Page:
Fortunately, our dew point temperature here in Tulsa mixed out rather nicely this afternoon to 66 degrees after running as high as 76 up to the noon hour today. However, cannot say the same about many other locations around the state as those higher dew points were more persistent at most other locations as you can see on the dew point temperature map as of late this afternoon.
Apparently, we were just lucky in the immediate Tulsa area today as you can see the impact those lower dew points had on the heat index values across the state, courtesy of the OK Mesonet.
Many locations made it into triple digit territory with respect to the heat index and you can compare that with the actual maximum temperatures to see what a difference those higher dew points make in the discomfort level.
At any rate, we do not figure to be so lucky over the next few days as dew point temperatures are expected to remain in the 70s; and with daytime highs reaching the mid-upper 90s, that means our heat index will likely reach or exceed 105 each of the next few days. That, in turn, means heat related illnesses are very possible, particularly since this is early in the season and many are not yet accustomed to heat and humidity values this high. For that reason, the good folks at the local National Weather Service office have issued a heat advisory for Wednesday & Thursday. In fact, as you can see on our forecast page, that will likely be extended for at least several more days as hot & humid conditions will be the general rule going through the weekend.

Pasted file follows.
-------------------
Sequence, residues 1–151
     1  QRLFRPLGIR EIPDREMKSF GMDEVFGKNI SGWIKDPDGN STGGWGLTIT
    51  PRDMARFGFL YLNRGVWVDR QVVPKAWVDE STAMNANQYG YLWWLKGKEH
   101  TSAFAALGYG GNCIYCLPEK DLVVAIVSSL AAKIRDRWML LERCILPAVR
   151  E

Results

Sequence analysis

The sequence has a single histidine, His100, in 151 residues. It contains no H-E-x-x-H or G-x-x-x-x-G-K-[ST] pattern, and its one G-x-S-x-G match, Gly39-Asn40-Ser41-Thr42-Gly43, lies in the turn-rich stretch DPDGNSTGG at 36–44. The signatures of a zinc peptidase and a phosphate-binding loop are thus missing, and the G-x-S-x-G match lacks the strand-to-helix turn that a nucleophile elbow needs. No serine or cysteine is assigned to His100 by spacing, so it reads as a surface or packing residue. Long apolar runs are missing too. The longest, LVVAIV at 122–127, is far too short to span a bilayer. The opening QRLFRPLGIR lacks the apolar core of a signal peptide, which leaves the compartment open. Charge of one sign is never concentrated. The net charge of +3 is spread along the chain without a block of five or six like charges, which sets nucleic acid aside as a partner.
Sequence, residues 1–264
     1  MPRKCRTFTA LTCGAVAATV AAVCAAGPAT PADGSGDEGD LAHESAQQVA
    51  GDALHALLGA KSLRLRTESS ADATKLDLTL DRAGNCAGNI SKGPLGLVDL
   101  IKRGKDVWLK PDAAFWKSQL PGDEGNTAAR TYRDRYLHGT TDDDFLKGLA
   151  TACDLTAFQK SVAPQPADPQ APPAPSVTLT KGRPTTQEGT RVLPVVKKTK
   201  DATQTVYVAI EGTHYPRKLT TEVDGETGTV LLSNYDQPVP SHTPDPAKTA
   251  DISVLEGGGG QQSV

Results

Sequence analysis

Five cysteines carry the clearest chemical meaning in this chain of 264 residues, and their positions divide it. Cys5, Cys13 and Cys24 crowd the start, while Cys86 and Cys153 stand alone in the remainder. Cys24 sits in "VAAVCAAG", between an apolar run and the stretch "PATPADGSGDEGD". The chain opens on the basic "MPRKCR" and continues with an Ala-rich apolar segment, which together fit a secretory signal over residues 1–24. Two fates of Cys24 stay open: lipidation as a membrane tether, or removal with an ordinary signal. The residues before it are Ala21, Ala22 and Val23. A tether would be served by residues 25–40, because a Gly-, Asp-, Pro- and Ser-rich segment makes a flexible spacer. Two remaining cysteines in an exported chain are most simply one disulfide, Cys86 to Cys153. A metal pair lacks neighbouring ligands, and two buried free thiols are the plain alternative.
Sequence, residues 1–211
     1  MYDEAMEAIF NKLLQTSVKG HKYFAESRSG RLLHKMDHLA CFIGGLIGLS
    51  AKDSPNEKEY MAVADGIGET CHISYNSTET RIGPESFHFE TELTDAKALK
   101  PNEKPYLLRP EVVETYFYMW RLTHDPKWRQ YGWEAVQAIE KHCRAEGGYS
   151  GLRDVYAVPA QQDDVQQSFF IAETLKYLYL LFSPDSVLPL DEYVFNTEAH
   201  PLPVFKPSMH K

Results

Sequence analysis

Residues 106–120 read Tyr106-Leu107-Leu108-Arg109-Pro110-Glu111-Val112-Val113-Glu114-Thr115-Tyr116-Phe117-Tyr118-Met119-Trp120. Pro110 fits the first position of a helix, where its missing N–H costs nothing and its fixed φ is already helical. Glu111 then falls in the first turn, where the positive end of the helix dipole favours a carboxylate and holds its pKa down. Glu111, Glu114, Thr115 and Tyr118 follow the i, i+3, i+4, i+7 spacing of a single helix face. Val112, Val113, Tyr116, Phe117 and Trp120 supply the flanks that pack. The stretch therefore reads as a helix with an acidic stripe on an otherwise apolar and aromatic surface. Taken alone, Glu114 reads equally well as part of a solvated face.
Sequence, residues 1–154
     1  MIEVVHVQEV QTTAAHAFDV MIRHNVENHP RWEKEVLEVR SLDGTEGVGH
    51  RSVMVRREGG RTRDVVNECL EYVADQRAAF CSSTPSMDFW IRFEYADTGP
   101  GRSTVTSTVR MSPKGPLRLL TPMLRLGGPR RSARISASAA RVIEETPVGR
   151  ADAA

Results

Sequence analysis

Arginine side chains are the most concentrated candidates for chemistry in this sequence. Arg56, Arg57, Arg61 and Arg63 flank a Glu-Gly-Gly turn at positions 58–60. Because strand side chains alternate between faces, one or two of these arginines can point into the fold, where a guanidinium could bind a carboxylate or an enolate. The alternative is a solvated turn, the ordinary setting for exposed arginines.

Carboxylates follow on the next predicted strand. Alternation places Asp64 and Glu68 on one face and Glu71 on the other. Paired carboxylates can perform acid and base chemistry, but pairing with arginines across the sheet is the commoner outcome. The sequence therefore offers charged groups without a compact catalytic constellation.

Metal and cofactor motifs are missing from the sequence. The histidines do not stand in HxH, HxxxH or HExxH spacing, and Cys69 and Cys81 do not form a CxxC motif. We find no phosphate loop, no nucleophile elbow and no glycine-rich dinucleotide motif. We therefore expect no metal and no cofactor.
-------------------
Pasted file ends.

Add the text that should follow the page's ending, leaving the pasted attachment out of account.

The longer range guidance hints at the possibility of a weak back door front arriving over the weekend and knocking a few degrees off temperatures. By that I mean, a front coming at us from the NE instead of the normal NW direction. At any rate, that boundary does not appear very promising at this time and any relief in the heat will not amount to more than just a few degrees the way things are looking now.
Not only will it be hot and humid through this forecast cycle, but any chance of a cooling shower or storm appears very limited as well. Cannot rule out a few pop-up showers or storms during the afternoon/evening maximum heating cycle, but those will be very few and far between if they occur at all. However, having said that, if any can develop they will be capable of locally damaging winds, hail, and torrential downpours as they will move very slowly.
Unfortunately, it looks like the heat will persist well beyond this forecast cycle as the long range guidance over the 8-14 day time frame continues to suggest a strong signal of above normal temperatures and below normal precipitation.
So, stay tuned and check back for updates.